Compensation supports fisher families during a ban on hilsa fishing in Bangladesh – but a visit to a family in Govinda exposes the harsh realities of income loss.
I recently visited Govinda, a small fishing village in Chandpur, Bangladesh. This is one of my regular visits to the Bangladeshi countryside to listen to and learn from the fisher communities. My interest is in how to tackle the drivers of overfishing and sustain fishing livelihoods. What I learnt this time gave me much to think about.
My visit could not have been timed better. The first week of March marks the annual Jatka (juvenile hilsa) week, which aims to raise awareness among fisher communities about sustainable management of hilsa fish – the national fish of Bangladesh.
The village is adjacent to one of the areas demarcated by the government as a hilsa sanctuary so the communities are prohibited from fishing in March and April. That meant I was able to meet fishers who were sat idly, waiting for the end of the no-take season.
What would you do?
I spent most of my stay with Hafez Howlader's family. Hafez-sahib, 69, is a soft-spoken man of few words (sahib is a polite title or form of address for a man in South Asia). He has a long white beard and maintained one facial expression throughout – something between tired and angered. But his family's hospitality was indescribable.
The family lived in a small house made of corrugated iron sheets, with two small rooms, and an even smaller cooking space. After spending a few minutes introducing myself and talking about the weather, we started talking about how the ban period had impacted their livelihoods.
Although the government provides compensation, the family started tallying a number of challenges raised by the ban. They said the compensation was inadequate (their receive 40kg of rice per household for four months), there was illegal fishing, embezzlement and so on. They were familiar complaints.
Every time I go to fishing villages, I prepare a few unconventional questions, sometimes beyond the imagination or expectation of the fishers. This time, hoping I would learn something new, I asked Hafez sahib: "If you were the prime minister of Bangladesh, what would you do to address these challenges?"
For a moment, I thought he was going to laugh, but he didn't. He continued tallying the same problems.
Trapped in an endless cycle of debt
But then his wife interrupted. Tazia Begum, 59, had stained teeth, dyed red from years of chewing betel nut quid, but came across as eloquent and not shy to express her opinions.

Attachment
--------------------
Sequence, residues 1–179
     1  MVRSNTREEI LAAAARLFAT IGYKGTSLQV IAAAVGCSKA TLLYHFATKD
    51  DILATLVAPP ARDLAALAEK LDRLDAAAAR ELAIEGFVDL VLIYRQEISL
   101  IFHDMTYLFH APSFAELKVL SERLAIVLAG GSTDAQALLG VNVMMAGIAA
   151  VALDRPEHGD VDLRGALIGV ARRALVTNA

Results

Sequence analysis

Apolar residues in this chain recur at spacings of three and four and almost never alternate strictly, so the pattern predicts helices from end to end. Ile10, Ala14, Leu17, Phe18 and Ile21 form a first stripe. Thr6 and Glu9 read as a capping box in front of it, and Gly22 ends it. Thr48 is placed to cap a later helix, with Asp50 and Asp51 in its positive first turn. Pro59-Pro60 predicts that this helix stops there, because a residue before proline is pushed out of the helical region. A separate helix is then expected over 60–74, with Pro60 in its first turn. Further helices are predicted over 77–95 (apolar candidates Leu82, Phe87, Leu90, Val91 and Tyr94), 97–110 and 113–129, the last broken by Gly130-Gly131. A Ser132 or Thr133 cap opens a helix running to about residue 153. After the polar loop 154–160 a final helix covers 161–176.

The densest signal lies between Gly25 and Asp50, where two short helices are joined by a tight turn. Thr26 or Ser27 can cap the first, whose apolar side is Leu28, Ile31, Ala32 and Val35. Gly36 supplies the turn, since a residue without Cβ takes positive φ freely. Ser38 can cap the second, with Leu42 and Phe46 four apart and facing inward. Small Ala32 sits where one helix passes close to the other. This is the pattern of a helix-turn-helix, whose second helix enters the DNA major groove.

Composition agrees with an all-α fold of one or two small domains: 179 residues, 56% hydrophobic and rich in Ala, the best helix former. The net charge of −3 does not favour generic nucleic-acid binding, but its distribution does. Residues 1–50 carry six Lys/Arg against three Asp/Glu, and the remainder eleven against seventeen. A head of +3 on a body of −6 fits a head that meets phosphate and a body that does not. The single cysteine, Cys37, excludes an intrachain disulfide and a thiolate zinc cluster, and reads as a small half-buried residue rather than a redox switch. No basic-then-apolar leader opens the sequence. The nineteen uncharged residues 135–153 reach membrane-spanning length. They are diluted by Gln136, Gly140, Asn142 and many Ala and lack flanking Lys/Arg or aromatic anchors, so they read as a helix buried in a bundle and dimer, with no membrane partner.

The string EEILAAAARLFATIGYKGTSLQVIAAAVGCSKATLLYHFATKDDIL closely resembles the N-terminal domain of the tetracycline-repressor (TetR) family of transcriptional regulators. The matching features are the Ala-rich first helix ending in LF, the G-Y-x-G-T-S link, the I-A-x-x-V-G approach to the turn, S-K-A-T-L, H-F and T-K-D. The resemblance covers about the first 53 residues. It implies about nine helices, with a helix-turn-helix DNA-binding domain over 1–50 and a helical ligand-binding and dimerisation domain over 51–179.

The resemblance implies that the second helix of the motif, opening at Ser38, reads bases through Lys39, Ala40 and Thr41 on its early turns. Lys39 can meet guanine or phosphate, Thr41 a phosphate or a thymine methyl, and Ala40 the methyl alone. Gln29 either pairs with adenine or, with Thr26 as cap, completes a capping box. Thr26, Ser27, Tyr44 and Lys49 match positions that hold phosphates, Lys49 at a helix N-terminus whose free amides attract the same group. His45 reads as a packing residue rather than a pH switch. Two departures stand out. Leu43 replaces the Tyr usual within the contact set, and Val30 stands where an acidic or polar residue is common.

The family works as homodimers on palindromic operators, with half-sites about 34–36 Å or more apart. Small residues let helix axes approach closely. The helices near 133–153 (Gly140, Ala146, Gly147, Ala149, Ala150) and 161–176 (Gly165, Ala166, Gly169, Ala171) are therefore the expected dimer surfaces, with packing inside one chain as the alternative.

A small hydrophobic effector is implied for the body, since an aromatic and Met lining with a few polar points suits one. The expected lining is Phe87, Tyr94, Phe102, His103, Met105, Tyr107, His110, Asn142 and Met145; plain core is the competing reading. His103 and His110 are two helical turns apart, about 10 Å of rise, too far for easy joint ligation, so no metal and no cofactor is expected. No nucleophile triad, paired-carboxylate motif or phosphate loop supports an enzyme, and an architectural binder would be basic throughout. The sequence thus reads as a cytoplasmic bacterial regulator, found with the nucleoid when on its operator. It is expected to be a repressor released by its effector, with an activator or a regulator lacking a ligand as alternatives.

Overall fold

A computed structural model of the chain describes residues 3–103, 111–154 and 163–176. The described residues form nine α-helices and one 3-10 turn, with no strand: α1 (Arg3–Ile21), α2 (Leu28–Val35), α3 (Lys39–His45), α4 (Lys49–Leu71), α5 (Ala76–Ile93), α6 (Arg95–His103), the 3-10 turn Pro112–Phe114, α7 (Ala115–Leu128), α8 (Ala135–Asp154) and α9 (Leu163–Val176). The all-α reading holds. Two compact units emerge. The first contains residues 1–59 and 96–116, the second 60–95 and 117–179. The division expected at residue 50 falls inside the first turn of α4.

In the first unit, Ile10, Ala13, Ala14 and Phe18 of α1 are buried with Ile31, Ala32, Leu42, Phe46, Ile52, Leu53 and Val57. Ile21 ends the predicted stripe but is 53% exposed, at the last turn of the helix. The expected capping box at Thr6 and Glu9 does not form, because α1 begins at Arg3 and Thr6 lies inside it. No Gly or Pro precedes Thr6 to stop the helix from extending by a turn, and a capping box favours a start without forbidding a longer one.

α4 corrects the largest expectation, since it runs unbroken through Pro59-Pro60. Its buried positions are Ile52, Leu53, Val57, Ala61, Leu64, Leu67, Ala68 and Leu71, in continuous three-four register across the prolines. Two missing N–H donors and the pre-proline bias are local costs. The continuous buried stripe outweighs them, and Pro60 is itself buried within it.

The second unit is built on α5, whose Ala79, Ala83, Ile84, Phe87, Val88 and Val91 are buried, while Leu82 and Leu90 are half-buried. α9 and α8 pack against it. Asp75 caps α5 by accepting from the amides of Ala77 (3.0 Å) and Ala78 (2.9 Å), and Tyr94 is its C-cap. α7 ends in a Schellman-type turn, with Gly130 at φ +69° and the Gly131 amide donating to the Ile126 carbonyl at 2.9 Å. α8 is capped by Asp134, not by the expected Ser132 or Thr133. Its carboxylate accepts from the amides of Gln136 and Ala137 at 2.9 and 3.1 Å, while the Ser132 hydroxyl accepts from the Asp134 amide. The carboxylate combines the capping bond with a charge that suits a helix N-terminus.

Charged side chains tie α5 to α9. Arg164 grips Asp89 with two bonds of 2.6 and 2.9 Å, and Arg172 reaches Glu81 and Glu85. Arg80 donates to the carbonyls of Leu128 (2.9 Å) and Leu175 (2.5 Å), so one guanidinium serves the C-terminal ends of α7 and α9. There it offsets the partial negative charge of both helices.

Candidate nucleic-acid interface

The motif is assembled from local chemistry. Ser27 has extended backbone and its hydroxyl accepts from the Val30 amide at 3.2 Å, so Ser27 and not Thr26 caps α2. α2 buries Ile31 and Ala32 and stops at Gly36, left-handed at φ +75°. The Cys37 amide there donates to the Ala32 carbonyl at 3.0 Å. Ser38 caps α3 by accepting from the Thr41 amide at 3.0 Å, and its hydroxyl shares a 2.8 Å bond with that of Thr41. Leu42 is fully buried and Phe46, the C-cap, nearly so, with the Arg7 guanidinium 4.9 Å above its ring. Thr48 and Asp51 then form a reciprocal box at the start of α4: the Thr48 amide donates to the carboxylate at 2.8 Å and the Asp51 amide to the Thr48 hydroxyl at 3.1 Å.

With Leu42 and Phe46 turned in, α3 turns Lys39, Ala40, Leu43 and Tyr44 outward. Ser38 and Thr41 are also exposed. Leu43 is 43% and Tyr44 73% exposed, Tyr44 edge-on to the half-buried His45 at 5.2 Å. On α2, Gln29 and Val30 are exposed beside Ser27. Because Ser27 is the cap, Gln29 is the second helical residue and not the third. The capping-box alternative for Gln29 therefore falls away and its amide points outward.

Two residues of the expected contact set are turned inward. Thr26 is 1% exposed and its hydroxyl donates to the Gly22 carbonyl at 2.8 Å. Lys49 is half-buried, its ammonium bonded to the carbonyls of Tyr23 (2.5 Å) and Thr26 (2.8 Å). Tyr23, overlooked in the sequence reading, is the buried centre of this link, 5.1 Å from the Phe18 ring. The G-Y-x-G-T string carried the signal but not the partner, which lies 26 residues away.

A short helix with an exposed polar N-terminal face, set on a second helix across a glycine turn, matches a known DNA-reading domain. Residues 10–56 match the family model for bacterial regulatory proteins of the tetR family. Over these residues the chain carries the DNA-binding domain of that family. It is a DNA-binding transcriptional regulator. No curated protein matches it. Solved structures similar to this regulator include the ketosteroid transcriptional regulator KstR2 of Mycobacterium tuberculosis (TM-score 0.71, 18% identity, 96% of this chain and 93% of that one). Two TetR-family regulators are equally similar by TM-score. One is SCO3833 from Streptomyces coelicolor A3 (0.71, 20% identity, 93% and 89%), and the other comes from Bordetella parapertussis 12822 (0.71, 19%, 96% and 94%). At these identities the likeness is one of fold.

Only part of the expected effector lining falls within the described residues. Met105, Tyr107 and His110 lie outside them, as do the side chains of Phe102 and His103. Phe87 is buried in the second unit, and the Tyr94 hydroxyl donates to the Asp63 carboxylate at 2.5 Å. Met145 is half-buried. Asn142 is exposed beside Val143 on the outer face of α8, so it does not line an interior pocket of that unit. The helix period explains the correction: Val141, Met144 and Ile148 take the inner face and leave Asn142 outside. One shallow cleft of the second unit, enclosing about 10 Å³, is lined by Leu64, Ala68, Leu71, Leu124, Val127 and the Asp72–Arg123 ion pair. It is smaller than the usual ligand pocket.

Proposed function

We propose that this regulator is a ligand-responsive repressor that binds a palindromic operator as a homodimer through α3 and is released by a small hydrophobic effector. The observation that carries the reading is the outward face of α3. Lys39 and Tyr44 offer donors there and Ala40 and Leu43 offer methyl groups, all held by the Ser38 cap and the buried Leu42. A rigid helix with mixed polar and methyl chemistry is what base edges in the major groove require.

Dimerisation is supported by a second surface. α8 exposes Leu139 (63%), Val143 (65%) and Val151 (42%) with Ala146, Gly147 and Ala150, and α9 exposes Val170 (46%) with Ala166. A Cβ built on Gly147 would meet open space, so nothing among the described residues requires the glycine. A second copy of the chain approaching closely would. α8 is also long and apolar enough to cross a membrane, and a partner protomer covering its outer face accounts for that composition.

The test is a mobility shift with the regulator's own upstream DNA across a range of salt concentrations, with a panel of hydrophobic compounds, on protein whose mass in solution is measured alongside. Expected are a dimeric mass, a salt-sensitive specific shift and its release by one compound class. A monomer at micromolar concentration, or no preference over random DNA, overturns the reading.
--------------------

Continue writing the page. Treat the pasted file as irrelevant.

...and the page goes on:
Keen to make herself understood, Tazia grabbed my hand and walked me to their backyard. With the help of an interpreter she pointed to the ground and told me: "There used to be a separate room here. Alamin [her son] and his family used to live here."
Sounding a little upset, she added: "We had to dismantle it and sell the corrugated metal sheets to pay off our debt. Now our son and his young family have to share the space with us."
I knew that fishers faced problems associated with indebtedness, but I had not until that moment realised the gravity of the problem.
Compensation, which is mostly provided as rice and other alternative income-generating activities, is not enough to offset the short-term economic cost of the ban period. Fishers also need to prepare for the next fishing season, which includes buying and repairing fishing nets and boats, and so on.
These factors force many fishers to seek loans from both formal and informal sources.
Fishers mostly rely on aratdars (middlemen) and Mohajons (big money lenders) for microloans. Fishers who borrow from aratdars must hand all their catch to the money lenders who then decide its price. They take up to 50 or 60 per cent to service the debt and the rest is given back to the fishers in cash.
Fishers who already have debts are expected to repay their loans even during the ban period, resulting in illegal fishing activity. It's a vicious cycle.
Looking beyond just fishing
Even though the Bangladeshi government has been trying to tackle the problem of over-fishing by addressing fishing-related stresses, the drivers of overfishing are much more complex than just fishing.
Through the support of the Darwin Initiative-funded project we have long argued that to liberate fishers from the cyclical debt trap, a suitable and affordable microfinance system needs to be introduced and tailored to meet the needs generated by a fishing ban.
This must include a 'grace period' that protects fishers from repaying capital or interest when the fishery is closed, which would in turn boost compliance with the ban. Well-thought-out microcredit could gradually liberate hilsa fishers from their cyclical debts.
This would not only enable the fishers to comply with the fishing regulations but also (and hopefully) they would not have to sell their roof to pay off their debt again.
Essam Yassin Mohammed (firstname.lastname@example.org) is a senior researcher in IIED's Sustainable Markets Group.